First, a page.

If we believe that we, as Americans, are bound together by a common concern for each other, then an urgent national priority is upon us. We must begin to end the disgrace of this other America.”
- Robert F. Kennedy, 1968
Today in Trump’s America, we are dealing with great challenges at home and abroad with the ominous threat of a worldwide nuclear war. For over a year Trump has deceived our nation and the world with repeated messages of despair and promises of greatness. Fifty years ago, RFK warned America against Trump’s ideology – do as I say, or else.
“To be honest, I inherited a mess.” “It’s a mess. At home and abroad, a mess.” “I will build a great wall – and nobody builds walls better than me, believe me – and I’ll build them very inexpensively. I will build a great, great wall on our southern border, and I will make Mexico pay for that wall. Mark my words,” Trump said in January 2017.
“Beautiful weather all over our great country, a perfect day for all Women to March. Get out there now to celebrate the historic milestones and unprecedented economic success and wealth creation that has taken place over the last 1twelve months. Lowest female unemployment in eighteen years!” Trump said in January 2018.
In this context of confusion and division, the U.S. government shut down for the weekend. The Senate is trying to get something done trading bills they don’t like for others they must have, an ineffective political process based on power and intimidation. Welcome to Trump’s world. Let’s dig in.
Crossing the line is a two-way street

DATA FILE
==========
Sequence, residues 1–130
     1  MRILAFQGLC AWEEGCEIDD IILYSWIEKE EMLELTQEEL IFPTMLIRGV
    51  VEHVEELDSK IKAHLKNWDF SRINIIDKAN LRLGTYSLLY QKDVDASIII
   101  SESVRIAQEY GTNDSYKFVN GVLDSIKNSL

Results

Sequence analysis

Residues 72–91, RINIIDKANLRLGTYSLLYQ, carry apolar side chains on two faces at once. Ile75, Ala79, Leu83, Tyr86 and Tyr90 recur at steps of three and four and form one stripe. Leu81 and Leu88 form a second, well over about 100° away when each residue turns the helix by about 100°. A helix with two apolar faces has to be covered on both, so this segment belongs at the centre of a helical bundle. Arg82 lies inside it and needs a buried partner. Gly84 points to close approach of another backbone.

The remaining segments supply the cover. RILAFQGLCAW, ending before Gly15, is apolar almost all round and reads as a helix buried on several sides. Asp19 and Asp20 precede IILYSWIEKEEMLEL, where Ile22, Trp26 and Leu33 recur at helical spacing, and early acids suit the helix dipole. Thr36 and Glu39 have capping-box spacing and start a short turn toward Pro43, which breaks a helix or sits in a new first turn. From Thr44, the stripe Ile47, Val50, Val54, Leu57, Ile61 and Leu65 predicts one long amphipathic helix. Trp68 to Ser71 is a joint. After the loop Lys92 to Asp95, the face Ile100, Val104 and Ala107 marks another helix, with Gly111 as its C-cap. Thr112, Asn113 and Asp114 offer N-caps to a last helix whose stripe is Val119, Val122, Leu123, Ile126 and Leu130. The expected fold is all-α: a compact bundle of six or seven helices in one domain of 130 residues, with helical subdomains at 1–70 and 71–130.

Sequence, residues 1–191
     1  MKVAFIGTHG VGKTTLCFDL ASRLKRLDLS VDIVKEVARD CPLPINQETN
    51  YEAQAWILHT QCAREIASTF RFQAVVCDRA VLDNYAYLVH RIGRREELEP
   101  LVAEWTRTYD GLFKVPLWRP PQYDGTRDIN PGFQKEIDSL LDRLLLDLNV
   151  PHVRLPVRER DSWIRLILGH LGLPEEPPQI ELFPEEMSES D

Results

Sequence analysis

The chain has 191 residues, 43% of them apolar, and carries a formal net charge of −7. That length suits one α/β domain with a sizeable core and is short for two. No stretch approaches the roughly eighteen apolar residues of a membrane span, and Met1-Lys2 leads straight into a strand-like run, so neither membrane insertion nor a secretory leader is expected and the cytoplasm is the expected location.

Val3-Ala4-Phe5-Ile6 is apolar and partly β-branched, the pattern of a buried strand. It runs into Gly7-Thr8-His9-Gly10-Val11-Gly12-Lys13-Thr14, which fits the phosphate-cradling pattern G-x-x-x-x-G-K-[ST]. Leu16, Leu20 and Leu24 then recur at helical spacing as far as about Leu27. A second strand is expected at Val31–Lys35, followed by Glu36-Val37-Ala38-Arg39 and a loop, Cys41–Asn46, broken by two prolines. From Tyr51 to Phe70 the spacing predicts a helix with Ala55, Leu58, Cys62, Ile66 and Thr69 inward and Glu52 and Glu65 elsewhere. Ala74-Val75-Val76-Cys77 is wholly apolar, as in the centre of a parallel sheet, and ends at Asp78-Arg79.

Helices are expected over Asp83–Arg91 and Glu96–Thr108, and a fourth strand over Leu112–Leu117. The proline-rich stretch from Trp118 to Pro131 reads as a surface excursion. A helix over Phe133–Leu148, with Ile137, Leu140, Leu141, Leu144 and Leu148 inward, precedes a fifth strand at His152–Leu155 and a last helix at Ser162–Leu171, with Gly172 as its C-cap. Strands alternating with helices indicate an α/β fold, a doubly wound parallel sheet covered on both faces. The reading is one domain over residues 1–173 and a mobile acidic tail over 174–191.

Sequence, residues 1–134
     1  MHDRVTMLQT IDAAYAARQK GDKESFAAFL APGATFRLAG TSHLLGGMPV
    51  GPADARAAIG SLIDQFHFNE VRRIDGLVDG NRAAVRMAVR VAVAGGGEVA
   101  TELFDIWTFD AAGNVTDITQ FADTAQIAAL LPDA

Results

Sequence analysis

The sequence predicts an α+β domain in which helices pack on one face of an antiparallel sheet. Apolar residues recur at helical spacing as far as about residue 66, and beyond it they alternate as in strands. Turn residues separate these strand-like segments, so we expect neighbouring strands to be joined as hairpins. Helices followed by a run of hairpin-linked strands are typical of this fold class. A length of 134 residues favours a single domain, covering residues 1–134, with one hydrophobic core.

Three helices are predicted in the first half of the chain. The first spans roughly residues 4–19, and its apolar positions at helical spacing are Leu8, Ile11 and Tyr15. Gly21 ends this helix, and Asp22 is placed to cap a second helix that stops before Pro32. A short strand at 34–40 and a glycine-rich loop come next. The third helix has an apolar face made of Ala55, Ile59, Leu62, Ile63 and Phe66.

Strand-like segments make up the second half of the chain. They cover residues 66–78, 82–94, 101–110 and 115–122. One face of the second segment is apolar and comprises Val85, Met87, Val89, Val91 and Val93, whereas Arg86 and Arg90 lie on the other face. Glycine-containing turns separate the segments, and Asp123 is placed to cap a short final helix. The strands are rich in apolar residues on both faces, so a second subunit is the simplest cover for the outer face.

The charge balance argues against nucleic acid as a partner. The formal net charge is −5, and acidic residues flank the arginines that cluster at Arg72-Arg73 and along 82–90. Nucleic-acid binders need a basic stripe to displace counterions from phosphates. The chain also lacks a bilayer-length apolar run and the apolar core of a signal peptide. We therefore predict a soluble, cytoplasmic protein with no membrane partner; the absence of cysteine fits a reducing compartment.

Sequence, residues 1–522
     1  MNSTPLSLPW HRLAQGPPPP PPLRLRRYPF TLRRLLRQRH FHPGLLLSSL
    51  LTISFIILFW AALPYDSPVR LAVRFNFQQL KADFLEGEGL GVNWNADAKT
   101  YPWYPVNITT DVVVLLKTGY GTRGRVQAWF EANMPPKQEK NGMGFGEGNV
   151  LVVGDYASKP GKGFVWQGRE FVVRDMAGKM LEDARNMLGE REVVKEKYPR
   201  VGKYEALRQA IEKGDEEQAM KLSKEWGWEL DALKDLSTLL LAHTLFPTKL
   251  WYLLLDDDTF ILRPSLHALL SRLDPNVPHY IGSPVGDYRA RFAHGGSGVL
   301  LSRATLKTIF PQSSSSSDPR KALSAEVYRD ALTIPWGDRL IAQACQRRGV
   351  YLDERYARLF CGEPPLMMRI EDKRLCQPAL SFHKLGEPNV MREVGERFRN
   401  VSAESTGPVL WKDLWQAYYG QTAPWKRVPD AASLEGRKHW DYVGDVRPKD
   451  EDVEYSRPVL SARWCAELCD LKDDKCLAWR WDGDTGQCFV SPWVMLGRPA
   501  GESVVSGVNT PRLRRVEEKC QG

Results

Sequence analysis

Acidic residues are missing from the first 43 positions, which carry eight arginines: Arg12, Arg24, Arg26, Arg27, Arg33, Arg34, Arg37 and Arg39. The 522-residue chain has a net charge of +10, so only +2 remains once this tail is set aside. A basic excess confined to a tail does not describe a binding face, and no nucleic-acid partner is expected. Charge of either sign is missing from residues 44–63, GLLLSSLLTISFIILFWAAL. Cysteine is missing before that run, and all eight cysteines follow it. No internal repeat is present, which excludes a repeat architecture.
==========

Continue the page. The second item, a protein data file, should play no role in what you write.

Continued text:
More than one million Americans are living the life in San Miguel Allende, Puerto Vallarta, and many other cities south of the border. More than 80 percent are undocumented, they came to visit and decided to stay. Americans are welcomed and treated as friends. They own property in the best communities, have easy access to high-quality medical care, and don’t have to speak like the natives, “otra cerveza, donde está el baño, más rápido, ándale, ándale,” is all they need.
The truth about the Wall
“The Wall is the Wall, it has never changed or evolved from the first day I conceived of it,” says Trump. The congressional debate is mostly about the cost of the wall. Democrats oppose wasting $18 billion and Republicans try to please Trump. The fact U.S. taxpayers would pay for the project is no longer mentioned, a major change Trump now chooses to ignore.
Trump has never walked along the border and has no idea how it works. It is not a porous barrier; there are multiple checkpoints on the roads and airports nearby. The border is like the Demilitarized Zone between South and North Korea. More than 21,000 US Border Patrol (USBP) agents, heavily armed, provide around-the-clock enforcement. The Rio Grande, a 2,000-mile long river, and a heavy metal fence divide the two nations. Several international bridges give access to people and products flowing north and south.
The border is a dangerous place
A mix of people from Latin America, traversing Mexico, look for the land of opportunity. Mexico’s southern border with Guatemala, 500 miles long, is the U.S. first line of defense. Some are climate refugees; each family has a unique story. Many die on the way, some hunted down by right-wing U.S. militia groups working with the USBP. Corruption and excessive use of force by USBP is common. A 2012 PBS report “Crossing the Line,” profiled the case of Hernández-Rojas killed while in custody of the USBP.
The price we pay
Trump’s orders restricting immigration, his hateful comments, and the unrest in cities marching for justice and equality, have damaged America’s reputation as a safe, desirable tourist destination.
A 2016 study from the Institute on Taxation & Economic Policy found $12 billion each year paid by undocumented immigrants to state and local taxes. Trump has triggered a culture of cruelty and inequality. Caring deeply for others is the only answer to hate.
Dr. Luis Contreras